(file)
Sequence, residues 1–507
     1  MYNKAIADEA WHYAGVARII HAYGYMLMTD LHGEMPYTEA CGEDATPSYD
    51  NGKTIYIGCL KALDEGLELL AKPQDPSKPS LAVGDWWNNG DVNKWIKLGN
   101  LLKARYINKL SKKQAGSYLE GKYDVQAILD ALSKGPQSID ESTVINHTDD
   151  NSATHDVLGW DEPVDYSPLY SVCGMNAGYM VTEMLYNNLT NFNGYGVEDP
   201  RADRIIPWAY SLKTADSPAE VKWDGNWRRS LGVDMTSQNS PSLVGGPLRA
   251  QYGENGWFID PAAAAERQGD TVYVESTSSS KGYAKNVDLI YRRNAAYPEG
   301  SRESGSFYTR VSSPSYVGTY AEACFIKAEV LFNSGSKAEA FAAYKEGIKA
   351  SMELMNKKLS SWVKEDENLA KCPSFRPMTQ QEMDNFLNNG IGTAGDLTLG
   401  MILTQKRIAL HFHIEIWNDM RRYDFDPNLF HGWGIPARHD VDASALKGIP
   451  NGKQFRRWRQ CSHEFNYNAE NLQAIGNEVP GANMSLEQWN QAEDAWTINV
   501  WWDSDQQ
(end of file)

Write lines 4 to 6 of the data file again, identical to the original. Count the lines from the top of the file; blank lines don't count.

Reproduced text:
   101  LLKARYINKL SKKQAGSYLE GKYDVQAILD ALSKGPQSID ESTVINHTDD
   151  NSATHDVLGW DEPVDYSPLY SVCGMNAGYM VTEMLYNNLT NFNGYGVEDP
   201  RADRIIPWAY SLKTADSPAE VKWDGNWRRS LGVDMTSQNS PSLVGGPLRA